Materiali e metodi

Scopo del nostro studio è stato quello di valutare la percentuale di FV non diagnosticate nella pratica clinica in una popolazione italiana, usando il metodo VSQ e una nuova tecnica morfometrica. Per la valutazione delle FV, in 283 donne in età postmenopausale giunte alla nostra osservazione per lo screening dell’osteoporosi, abbiamo effettuato: l’esame clinico, i radiogrammi tradizionali del rachide (per il metodo VSQ) e la morfometria digitale computerizzata (MDC). La densità ossea è stata misurata utilizzando l’apparecchiatura dual energy X-ray absorptiometry (DXA).

Risultati

Il 47% dei pazienti presentava un T score<−2,5 deviazioni standard (DS) ed il 35,2% presentava una condizione osteopenica, tuttavia non è stata riscontrata alcuna correlazione significativa tra il T score e il grado o numero di fratture riscontrate. La MDC ha identificato le FV nel 38,5% dei pazienti rispetto al 32,5% del metodo VSQ. Complessivamente, la MDC ha identificato 280 FV, 236 sono state diagnosticate mediante approccio VSQ, mentre soltanto 105 FV sono state riportate nei referti.

Conclusioni

Le FV sono state sottostimate nel 55,5% dei casi in accordo con il metodo VSQ effettuato sui radiogrammi standard del rachide. Pertanto, la tecnica morfometrica rappresenta una metodica valida, complementare all’approccio semiquantitativo, al fine di migliorare il riconoscimento delle FV. Sono comunque necessari ulteriori studi per validare maggiormente l’utilità di questa nuova tecnica morfometrica nella pratica clinica.

Parole chiave

Fratture vertebrali Rachide Osteoporosi Morfometria digitale computerizzata DXA raggi X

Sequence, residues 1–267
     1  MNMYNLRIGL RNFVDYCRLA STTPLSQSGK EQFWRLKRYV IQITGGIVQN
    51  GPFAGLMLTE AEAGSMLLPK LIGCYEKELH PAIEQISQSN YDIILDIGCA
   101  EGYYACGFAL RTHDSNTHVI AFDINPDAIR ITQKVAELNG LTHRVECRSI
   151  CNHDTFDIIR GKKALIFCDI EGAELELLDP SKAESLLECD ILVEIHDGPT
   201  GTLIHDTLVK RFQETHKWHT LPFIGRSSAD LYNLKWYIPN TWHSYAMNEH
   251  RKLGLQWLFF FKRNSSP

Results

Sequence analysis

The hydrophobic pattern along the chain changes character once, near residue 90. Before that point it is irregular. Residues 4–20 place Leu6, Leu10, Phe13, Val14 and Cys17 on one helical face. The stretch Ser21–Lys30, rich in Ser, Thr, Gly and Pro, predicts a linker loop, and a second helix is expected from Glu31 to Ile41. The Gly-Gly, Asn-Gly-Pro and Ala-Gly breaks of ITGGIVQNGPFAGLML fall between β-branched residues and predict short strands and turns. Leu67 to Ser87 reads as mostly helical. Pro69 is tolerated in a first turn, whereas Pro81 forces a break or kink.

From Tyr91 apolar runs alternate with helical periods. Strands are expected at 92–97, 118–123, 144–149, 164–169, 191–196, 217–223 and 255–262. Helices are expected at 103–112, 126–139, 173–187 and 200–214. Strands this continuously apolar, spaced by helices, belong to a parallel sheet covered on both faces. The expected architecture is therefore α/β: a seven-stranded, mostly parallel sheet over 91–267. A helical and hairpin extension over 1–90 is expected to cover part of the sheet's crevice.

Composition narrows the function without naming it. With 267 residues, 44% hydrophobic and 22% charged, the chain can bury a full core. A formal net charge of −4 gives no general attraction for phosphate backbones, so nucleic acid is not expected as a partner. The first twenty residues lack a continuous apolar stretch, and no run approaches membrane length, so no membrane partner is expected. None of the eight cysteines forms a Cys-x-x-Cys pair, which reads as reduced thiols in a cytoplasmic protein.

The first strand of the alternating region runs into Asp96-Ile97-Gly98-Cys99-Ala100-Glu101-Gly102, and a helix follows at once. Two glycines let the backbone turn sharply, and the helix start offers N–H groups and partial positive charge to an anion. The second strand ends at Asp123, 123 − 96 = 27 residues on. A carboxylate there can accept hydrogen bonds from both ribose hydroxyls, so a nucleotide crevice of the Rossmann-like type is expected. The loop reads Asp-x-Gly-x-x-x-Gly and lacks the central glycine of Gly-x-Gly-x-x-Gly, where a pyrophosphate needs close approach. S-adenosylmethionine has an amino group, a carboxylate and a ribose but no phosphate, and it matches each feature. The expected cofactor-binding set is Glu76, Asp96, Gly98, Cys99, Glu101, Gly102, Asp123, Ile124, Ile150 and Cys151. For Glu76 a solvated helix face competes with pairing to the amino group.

Preview

Unable to display preview. Download preview PDF.

Unable to display preview. Download preview PDF.

References/Bibliografia

  1. 1.
    Link TM, Guglielmi G, van Kuijk C, Adams JE (2005) Radiologic assessment of osteoporotic vertebral fractures: diagnostic and prognostic implications. Eur Radiol 15:1521–1532CrossRefPubMedGoogle Scholar
  2. 2.
    Gehlbach SH, Burge RT, Puleo E, Klar J (2003) Hospital care of osteoporosisrelated vertebral fractures. Osteoporos Int 14:53–60CrossRefPubMedGoogle Scholar
  3. 3.
    Ross PD (1997) Clinical consequences of vertebral fractures. Am J Med 103:S30–S43CrossRefGoogle Scholar
  4. 4.
    Gehlbach SH, Bigelow C, Heimisdottir M et al (2000) Recognition of vertebral fracture in a clinical setting. Osteoporos Int 11:577–582CrossRefPubMedGoogle Scholar
  5. 5.
    Andrade SE, Majumdar SR, Chan KA et al (2003) Low frequency of treatment of osteoporosis among postmenopausal women following a fracture. Arch Intern Med 163:2052–2057CrossRefPubMedGoogle Scholar
  6. 6.
    Angeli A, Guglielmi G, Dovio A et al (2006) High prevalence of asymptomatic vertebral fractures in post-menopausal women receiving chronic glucocorticoid therapy: a cross-sectional study. Bone 39:253–259CrossRefPubMedGoogle Scholar
  7. 7.